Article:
Jason:    So they’re moving some serious quantities of dog food. We found some great ways to organize the space for them.

Greg:    I’m a little curious. We talked about for weeks and weeks, and probably months about Homerama as it was getting ready, but the last two weeks, your podcast has been with builders who came in to visit you afterwards, so I’m curious what you’ve learned about Homerama looking at it now afterwards through their eyes, their comments as professional luxury home builders in different markets around the country. What did you learn about the process and the event that you might not have known or realized ahead of time?

Jason:    One of the things that, as I’m in Norton Commons day in and day out, I guess I lose track of how fortunate I am as a builder to build in such an awesome neighborhood like this because I had some guys in, one guy in from Charlottesville, Virginia, and he travels, 30, 40 minutes between job sites just because he’s like, “We don’t have anything like this. Do you realize how fortunate you are to have some like this?” You can walk out your front door, I happen to live in Norton Commons, and I can check on 10 different job sites all on the same street, so I feel very fortunate to be a part of Norton Commons.

The other thing is, these guys are participants in home shows, what usually they call like a parade of homes so they might be one home on a tour through the city of Houston or one guy is down in Tampa and there might be 100 homes on the tour homes that day or that month, but he said, “We might only get 100 or 200 people through our house over a couple weekends.”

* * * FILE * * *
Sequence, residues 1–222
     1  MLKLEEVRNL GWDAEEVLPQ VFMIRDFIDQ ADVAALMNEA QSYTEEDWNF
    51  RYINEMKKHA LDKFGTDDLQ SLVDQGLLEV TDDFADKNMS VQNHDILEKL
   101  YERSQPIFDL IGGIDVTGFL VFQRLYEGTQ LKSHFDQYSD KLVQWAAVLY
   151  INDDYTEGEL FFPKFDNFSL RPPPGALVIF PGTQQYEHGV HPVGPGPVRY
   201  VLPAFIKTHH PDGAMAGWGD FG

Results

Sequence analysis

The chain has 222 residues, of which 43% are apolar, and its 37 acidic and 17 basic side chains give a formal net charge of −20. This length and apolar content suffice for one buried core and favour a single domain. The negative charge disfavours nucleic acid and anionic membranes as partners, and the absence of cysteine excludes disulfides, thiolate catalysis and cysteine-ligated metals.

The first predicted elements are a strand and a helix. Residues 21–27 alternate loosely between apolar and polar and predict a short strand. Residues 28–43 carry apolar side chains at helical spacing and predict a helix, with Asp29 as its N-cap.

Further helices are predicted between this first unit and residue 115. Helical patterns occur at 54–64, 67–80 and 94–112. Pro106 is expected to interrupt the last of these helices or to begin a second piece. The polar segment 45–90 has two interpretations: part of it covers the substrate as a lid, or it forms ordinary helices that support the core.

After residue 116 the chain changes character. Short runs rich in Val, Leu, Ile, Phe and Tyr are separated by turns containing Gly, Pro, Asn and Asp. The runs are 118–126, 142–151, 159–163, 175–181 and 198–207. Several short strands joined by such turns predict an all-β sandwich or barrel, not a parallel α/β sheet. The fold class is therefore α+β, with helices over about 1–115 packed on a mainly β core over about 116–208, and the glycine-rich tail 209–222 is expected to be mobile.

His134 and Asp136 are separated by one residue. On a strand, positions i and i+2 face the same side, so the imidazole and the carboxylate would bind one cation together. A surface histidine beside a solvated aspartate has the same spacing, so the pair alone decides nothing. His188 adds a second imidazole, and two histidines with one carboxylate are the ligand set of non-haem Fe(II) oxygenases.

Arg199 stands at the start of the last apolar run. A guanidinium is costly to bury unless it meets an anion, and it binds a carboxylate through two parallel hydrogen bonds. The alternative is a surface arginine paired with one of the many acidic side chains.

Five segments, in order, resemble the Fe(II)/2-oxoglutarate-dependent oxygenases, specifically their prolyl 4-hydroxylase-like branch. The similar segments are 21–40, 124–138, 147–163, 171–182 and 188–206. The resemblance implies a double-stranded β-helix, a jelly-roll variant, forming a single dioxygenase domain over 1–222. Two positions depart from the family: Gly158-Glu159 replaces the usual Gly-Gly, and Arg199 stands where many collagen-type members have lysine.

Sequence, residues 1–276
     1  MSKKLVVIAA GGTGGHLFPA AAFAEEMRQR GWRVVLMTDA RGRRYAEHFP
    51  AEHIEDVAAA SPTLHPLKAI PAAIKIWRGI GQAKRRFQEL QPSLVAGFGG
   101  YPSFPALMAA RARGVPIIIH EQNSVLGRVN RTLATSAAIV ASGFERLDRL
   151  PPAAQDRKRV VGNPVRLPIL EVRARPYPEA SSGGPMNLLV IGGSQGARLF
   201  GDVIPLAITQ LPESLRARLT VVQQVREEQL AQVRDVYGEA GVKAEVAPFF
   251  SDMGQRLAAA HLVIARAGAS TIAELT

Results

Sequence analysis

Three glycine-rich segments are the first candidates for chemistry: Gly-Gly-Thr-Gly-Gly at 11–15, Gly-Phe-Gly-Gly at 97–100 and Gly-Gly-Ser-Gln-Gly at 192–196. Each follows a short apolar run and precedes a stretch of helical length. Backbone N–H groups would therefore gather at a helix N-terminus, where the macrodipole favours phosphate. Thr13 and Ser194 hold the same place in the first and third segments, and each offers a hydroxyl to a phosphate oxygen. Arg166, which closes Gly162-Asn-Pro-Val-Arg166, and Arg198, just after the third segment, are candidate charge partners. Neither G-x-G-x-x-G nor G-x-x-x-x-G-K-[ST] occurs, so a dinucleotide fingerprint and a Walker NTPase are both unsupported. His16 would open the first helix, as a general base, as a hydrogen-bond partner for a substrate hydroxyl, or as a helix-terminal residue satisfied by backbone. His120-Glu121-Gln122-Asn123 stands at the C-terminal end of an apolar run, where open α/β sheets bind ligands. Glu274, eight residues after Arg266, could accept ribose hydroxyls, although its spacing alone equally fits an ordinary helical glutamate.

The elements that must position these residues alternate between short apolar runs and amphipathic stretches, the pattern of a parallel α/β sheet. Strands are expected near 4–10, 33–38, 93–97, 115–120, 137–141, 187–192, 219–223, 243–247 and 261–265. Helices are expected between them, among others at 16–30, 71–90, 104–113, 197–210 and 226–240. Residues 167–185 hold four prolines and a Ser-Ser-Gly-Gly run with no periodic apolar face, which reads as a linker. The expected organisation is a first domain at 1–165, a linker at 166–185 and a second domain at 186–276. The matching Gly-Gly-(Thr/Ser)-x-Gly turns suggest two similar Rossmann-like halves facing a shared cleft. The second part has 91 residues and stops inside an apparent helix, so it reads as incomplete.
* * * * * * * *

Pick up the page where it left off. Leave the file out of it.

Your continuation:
Greg:    That’s nothing like this.

Jason:    They were blown away, so we had about 10 builders in and we went through on the final day of Homerama, which was a busy day but seeing hundreds if not thousands of people checking out the houses, they were pretty amazed.

Greg:    One of the things I picked up on and I listened to your last podcast, was their appreciation, the other builder’s appreciation, for I forget what you call it. There’s a book of standards or something like that that apparently is much harder to keep intact and for communities to hold onto for a long time. Without it, your quality tends to decline and your eye for detail tends to decline community wide, but it sounds like this really is a shining example of how it could be done, should be done, across the nation and we don’t realize that because like you said, we drive through every day or you’re close to it, but it really sounded like that stuck out to the other builders.

Jason:    Yeah, so the pattern book-

Greg:    Pattern book.

Jason:    That was helped by Steve Muzon who’s one of the originators of TND and an architect himself, but put together a great book with helps of Mike Watkins and David Tomes, one of the developers here. A lot of them had developments that were maybe not quite the scale of Norton Commons that they’d start out great the first couple sections. They were really concerned about the architecture control and maybe the economy went down or they just weren’t selling lots as well as they maybe should.

They let the standards down and that’s one thing that makes Norton Commons so special is they have such a high standard and a high design requirement for these houses that even after gosh, 1000 homes, everything still looks good. The development is well taken care of. All the green spaces are manicured. The street trees are watered in and it just has a feel that … My guys didn’t want to leave. They’re like, “We’re coming back here next year,” so that’s a good thing.